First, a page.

Kaspar by Peter Handke ~ aya theatre

Aya Theatre presents


by Peter Handke


Show Starts 7.30pm Matinee Starts 2.30pm & 5pm
Running Time 90 minutes Price £10/£8 conc.

Publicity Image: Kaspar

Kaspar Hauser was a mysterious figure who was discovered in a German town square. He could speak only one sentence. Later, it emerged that he had spent his childhood in a dark room, cut off from human contact. He was taken in, taught how to speak, how to be a regular member of society.

Handke re-imagines Kaspar today; an absurd man formed and deformed through his violent exposure to the language of our society – the language of adspeak, corporate phrases and sports platitudes. In this remarkably inventive play, ideas about received speech, conformism and the corruption of the individual are exploded into bizarre and fascinating vocal rhythms and stage images.

Peter Handke is an Austrian playwright whose work has been described as ‘the most strikingly original of all post-war European writing’ (The Times)

This production, supported by Southwark Playhouse, filters Handke’s work through the vapid, sterile spaces of a vast, glass-fronted railway arch on Bankside, near the Tate Modern.

Creative Team

Designer ~ George Moustakas

Dramaturg ~ Alexander Medem

Sound Designer ~ Helen Atkinson

Lighting Designer ~ Anna Sbokou


Kaspar ~ Ryan Kiggell

Prompters (live) ~ Elisa Terren & Duncan Thomas

Prompter (recorded) ~ Anastasia Hille

Other Kaspars ~ Kat Cooley / Marc Dodi / Genvieve Giron / Jo Leahy / Kassie Starkey / Lexi Bradburn

Friday 21st January 2011
Kaspar by Peter Handke

Handke’s words are dense and densely layered in this wonderful play, and this for me is it’s great virtue. There is the possibility of being saturated in a torrent of words, words over words, words undoing the words that came before them, words driving out and on and under the words they push on to. Right from the start when we hear Kaspar’s one sentence over-repeated: “I wish I was someone like somebody else was once.” And it’s theme is embodied in it’s material: that words have the power to destroy us and leave us derelict and meaningless. And so for me I would have preferred a less physically performed beginning – the clowning ‘learning to walk’ (or ‘foal finding it’s new legs’ as Lynn Gardner had it) was both too literal, as well as forcing an unequal competition with the anguish and sonic escalation of the sound, and in this battle the visual will always win our greatest conscious attention. I have since discovered that Handke has prescribed 7 sequences of physical performance so this is loyal to the text, but the first act, begun thus, failed to get me through this too arresting opening and the subsequent ‘discovery’ of the furniture and an eventual eloquence left me alternating too much through the first half between sitting back in critical observation and a drowsy kind of boredom, despite the immense presence of Ryan Kiggell in the central Kaspar role. Too much to be asked to admire and be impressed by, and then not quite impressive enough.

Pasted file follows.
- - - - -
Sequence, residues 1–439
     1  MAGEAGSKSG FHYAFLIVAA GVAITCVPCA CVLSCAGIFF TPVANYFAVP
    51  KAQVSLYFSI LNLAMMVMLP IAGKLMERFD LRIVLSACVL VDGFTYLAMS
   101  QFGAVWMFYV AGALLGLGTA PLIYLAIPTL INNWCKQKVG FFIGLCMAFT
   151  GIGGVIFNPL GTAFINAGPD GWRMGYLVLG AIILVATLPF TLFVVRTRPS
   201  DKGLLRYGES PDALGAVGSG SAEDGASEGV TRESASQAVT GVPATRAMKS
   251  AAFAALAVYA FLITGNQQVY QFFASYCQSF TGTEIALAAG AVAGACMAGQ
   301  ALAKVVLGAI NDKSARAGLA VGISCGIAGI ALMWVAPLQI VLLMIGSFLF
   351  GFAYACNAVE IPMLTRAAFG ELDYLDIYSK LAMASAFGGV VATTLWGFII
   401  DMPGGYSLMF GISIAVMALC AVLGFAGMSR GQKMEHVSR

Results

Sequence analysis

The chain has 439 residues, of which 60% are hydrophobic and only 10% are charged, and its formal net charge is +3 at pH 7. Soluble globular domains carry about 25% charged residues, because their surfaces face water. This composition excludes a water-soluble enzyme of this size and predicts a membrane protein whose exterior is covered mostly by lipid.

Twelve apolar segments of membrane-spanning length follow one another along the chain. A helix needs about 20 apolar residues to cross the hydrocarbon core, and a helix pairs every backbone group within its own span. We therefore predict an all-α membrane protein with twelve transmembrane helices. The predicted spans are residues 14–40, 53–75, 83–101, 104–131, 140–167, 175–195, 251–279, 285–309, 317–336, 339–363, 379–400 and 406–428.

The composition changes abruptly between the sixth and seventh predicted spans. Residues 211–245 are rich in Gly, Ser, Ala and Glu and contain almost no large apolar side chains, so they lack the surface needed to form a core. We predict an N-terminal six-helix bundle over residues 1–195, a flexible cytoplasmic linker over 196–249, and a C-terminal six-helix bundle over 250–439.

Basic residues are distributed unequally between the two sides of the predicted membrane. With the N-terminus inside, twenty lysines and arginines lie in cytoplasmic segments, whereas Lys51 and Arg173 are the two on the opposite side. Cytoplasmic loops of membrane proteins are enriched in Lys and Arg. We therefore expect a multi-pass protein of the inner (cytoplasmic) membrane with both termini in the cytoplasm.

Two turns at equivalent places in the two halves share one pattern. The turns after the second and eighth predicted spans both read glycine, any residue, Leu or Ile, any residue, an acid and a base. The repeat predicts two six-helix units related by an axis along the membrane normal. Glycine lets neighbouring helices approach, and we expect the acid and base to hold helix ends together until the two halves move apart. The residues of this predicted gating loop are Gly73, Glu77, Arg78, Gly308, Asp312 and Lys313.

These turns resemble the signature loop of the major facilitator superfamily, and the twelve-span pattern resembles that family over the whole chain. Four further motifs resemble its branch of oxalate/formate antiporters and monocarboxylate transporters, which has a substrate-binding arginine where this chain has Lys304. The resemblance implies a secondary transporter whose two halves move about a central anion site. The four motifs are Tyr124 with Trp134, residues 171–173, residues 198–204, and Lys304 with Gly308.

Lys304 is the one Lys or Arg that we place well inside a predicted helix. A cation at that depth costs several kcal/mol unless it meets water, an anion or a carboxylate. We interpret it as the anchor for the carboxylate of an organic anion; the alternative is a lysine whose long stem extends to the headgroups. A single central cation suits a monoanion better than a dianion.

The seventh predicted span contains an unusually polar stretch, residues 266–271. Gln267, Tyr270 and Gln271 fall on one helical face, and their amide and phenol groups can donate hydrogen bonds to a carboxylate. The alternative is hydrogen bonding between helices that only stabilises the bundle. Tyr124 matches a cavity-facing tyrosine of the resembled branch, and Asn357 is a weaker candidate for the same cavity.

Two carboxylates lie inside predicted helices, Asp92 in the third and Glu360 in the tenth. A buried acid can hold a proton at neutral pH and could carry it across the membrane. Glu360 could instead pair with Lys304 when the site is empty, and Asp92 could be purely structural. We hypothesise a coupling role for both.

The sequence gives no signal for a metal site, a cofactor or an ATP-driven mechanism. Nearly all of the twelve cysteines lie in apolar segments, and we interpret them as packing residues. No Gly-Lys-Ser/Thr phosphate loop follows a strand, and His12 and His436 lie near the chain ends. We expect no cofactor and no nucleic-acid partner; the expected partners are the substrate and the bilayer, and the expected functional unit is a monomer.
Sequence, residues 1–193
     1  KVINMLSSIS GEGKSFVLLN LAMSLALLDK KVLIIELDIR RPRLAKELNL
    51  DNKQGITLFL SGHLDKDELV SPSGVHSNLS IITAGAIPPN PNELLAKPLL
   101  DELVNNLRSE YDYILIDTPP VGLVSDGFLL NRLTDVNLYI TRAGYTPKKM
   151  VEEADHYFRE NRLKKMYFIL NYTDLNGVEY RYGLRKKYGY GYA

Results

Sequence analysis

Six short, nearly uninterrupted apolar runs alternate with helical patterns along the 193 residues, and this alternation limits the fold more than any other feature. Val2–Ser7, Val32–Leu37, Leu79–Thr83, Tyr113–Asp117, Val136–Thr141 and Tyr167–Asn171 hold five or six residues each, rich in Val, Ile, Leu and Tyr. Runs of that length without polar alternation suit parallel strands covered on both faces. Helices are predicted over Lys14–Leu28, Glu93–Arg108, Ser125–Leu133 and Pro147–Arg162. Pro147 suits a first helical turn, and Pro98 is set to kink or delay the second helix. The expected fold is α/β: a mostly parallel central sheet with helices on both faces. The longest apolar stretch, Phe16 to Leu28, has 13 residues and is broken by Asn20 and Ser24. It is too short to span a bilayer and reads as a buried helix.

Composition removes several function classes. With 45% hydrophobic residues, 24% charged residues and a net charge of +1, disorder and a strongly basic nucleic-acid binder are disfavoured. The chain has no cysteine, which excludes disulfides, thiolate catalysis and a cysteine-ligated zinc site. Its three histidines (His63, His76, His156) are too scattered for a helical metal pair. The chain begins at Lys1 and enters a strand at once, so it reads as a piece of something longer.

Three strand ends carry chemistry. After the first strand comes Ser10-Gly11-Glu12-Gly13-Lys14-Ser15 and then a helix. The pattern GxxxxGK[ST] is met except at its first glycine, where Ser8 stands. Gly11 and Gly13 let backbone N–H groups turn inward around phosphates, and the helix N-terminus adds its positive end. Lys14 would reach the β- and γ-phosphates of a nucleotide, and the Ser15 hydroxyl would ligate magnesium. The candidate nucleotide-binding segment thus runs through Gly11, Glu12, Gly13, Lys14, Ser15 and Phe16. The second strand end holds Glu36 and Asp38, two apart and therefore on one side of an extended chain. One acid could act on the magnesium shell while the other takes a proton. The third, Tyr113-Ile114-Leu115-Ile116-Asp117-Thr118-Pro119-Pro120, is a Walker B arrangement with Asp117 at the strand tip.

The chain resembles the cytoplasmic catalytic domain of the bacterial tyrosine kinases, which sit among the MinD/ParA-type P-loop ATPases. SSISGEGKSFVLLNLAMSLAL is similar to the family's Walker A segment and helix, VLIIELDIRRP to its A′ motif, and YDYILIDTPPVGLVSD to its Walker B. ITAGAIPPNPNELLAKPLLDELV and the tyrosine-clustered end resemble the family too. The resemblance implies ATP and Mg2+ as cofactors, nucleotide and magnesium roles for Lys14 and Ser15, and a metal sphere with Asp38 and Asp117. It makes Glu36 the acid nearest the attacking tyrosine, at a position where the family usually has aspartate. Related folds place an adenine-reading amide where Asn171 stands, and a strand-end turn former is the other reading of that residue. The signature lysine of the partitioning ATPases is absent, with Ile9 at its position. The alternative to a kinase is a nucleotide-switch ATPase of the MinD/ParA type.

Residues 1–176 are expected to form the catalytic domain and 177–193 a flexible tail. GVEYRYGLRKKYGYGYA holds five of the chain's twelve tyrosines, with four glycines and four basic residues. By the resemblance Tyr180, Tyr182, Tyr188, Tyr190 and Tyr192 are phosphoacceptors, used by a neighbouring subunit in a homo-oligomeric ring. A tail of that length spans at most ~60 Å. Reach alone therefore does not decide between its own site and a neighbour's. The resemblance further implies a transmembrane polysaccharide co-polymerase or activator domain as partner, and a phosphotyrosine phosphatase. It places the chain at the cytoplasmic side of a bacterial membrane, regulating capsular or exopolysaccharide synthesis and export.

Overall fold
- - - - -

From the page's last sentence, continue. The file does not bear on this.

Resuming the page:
The corporate-bland archway-redevelopment waiting for it’s new tenancy that provided this pop-up theatre gave exactly the right kind of banal dehumanising non-space with wonderful disappearing sight-lines off to a horizon of beige coloured carpet meeting straw coloured walls, and I enjoyed the stark spinal contrast of the stripped back skeletal furniture (marred by the wardrobe that was wrongly too much veneer). And the old fashioned costuming was both too out of place with the real place we were in and too much the look of the clown (again, and again i have since read this is true to Handke’s intentions). But the microphones on their stands were fiercely potent. One waiting in the wings for its later appearance in the second half, the other two at full attention each side as sentries in front of their tables in front of their performers (the live Prompts), giving their voices full throttle eloquence. And of these two Elisa Terren got the poetry of the writing completely right so that her rhythms and inflexions freed out a full array of meanings and associations from their linguistic stitching.